One team owner who doesn’t risk getting fined by discussing the NHL’s collective bargaining agreement is the Dallas Mavericks’ Mark Cuban.
Last season Cuban actually voted against the NBA’s new CBA, which was signed after that league’s lockout lasted 149 days, and believes it’s crucial that hockey team owners draft a deal that will help the league survive.
“When you have all your southern franchises basically sucking wind, there’s a message there that you have to fix it. I mean, you have two different worlds; the north and the south. It’s kind of like the civil war right now going on, and it’s got to be fixed,” Cuban told CSNNE.com Wednesday. “I’d cringe more if they don’t fix it. Just like the last one, it’s only been like seven years, right? But I even wrote a blog back then that they should have fixed it, and they didn’t.
“And if a market like the (Dallas) Stars can’t survive with whatever they do, they should be embarrassed, because this is your chance to fix this.”
In his interview with CSNNE, Cuban admits to not knowing the particulars of the NHL’s labour war, now in its 89th day, but having played a key role in the NBA lockout, the businessman does offer some insight into how these lengthy tug-o-wars finally get settled.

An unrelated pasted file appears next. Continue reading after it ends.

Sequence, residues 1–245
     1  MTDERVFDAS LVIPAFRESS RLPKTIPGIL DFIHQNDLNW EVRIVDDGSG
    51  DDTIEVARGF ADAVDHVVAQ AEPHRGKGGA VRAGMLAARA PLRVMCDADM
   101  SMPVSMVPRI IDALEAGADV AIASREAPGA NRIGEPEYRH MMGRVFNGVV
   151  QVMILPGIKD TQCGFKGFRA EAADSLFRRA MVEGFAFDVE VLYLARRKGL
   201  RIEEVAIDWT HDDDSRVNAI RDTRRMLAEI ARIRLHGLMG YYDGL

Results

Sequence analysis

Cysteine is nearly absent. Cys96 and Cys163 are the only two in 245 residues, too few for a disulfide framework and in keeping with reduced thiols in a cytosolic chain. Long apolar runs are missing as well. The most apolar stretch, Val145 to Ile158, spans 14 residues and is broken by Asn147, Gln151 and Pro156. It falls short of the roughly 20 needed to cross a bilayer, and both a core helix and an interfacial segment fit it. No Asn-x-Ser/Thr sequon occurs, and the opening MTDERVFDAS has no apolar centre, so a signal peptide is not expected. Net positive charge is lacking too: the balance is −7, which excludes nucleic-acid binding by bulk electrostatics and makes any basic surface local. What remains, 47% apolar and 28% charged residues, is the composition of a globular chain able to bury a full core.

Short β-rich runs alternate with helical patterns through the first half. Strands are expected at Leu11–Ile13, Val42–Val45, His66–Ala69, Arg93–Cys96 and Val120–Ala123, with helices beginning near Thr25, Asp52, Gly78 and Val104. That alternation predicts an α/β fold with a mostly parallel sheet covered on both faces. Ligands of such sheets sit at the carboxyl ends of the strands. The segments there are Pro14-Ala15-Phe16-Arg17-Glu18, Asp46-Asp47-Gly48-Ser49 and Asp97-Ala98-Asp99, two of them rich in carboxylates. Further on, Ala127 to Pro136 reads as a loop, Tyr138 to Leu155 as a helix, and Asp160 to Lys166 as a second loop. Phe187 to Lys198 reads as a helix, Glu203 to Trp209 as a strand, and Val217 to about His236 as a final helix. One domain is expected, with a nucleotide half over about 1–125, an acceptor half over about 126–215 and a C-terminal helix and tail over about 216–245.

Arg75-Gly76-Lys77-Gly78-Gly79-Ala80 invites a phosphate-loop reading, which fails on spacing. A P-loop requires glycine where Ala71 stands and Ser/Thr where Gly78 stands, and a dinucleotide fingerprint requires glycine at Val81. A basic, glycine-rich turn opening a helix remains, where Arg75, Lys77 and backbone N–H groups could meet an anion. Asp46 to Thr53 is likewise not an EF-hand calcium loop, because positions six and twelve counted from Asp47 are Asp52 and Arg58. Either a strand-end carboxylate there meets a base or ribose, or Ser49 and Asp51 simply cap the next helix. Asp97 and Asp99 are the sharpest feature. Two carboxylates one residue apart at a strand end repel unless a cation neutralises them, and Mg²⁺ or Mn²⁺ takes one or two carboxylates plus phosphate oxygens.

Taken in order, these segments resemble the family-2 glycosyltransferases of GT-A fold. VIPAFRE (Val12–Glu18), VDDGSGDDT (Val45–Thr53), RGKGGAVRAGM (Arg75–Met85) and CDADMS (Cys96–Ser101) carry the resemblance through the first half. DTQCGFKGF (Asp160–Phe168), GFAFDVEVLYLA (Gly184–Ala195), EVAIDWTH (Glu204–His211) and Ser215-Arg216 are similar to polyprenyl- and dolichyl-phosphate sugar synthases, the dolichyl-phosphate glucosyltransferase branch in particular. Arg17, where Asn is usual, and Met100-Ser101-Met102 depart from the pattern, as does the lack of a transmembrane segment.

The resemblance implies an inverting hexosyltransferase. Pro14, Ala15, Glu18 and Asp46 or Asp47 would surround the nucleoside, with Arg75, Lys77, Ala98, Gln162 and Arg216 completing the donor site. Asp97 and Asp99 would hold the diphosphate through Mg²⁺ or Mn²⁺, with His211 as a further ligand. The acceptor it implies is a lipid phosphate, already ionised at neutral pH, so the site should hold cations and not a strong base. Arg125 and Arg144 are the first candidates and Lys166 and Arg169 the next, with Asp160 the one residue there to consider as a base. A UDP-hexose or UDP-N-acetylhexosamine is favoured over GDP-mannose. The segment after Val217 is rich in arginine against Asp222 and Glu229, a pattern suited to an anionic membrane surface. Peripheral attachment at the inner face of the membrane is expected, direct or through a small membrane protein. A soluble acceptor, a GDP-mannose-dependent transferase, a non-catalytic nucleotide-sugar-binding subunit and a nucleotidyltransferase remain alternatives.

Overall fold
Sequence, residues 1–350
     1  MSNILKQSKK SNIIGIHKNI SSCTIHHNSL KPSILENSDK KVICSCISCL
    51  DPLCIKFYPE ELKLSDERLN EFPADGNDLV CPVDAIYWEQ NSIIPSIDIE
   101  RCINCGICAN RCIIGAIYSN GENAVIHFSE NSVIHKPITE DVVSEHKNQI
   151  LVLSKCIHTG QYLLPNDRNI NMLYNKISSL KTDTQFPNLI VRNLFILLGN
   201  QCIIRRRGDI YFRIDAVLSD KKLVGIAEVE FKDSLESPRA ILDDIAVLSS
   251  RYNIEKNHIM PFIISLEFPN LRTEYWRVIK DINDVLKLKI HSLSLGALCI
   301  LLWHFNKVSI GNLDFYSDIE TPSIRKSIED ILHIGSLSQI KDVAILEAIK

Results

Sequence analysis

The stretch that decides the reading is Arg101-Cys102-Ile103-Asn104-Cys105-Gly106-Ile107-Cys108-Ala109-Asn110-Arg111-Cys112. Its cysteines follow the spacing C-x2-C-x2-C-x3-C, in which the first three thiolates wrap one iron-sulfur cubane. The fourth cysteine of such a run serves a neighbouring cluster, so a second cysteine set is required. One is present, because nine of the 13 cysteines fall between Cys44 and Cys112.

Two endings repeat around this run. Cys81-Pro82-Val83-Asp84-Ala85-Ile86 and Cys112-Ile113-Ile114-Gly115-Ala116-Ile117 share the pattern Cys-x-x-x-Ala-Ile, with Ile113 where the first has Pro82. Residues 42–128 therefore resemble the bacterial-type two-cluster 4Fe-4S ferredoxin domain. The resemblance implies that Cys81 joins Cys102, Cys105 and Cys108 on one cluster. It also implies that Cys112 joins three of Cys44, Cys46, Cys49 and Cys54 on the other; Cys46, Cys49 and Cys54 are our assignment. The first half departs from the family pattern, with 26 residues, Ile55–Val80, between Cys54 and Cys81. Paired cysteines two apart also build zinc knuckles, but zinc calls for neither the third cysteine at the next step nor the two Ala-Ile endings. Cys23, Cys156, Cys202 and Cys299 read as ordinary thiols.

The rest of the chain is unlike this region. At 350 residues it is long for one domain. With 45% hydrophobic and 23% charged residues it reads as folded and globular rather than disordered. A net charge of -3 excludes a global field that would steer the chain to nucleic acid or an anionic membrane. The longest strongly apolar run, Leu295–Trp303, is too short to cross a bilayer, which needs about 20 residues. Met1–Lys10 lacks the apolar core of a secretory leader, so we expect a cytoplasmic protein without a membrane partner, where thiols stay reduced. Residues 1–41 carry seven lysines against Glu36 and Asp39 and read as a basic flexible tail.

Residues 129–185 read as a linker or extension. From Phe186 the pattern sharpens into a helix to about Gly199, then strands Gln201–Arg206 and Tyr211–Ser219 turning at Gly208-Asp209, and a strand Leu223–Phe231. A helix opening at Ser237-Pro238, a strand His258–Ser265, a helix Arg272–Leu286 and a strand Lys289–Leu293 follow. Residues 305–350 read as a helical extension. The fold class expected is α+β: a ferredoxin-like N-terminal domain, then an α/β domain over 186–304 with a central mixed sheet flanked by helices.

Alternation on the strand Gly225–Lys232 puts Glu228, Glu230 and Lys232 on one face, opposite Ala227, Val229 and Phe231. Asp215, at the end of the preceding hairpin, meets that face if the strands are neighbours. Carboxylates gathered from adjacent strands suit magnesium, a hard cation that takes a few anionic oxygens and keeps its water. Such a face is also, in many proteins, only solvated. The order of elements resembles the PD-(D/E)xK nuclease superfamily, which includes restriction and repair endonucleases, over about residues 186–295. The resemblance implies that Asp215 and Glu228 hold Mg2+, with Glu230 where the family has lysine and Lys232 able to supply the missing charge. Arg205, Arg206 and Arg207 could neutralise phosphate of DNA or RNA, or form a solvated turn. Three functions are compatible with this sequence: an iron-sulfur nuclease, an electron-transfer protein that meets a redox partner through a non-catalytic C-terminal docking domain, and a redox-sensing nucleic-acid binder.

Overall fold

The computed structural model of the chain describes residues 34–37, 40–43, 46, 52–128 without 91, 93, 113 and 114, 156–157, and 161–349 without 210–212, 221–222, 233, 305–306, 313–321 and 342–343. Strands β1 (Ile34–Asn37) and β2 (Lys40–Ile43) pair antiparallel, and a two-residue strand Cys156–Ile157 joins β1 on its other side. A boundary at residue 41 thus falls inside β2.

“They’re both cluster(expletives). There’s no good way (to negotiate) because everybody thinks they have a solution in those scenarios and nobody wants to listen to the other guy’s solutions,” Cuban told CSNNE. “And it’s just when desperation sets in that something gets done. It’s not the best way to solve business problems, but that’s what ends up happening.”
In a separate interview with the Boston website, Mavericks guard Derek Fisher offered some advice to the locked-out NHL players.
“The quickest way to resolution and getting something done is to stay together,” said the veteran Fisher, president of the NBA players’ union. “You don’t get anything done by becoming individuals and starting to separate. It doesn’t mean it has to take longer. But the most efficient way… is to really stay together, try to make sure you have one voice and one general focus in terms of how you’re trying to get things accomplished as a group.”
One voice is a tall order when you consider the varying contracts, incomes, ages and opinions within the 700-plus NHLPA membership, many of whom have Twitter accounts.
“It’s tough. In sports now — not just the customers and the audience growing in terms of a global perspective, but your players have grown in terms of global perspective,” Fisher told CSNNE. “You’re trying to have one voice from around the world; particularly in hockey, like Russia and the European countries, that makes it even more challenging than for us in a lot of ways, in basketball.”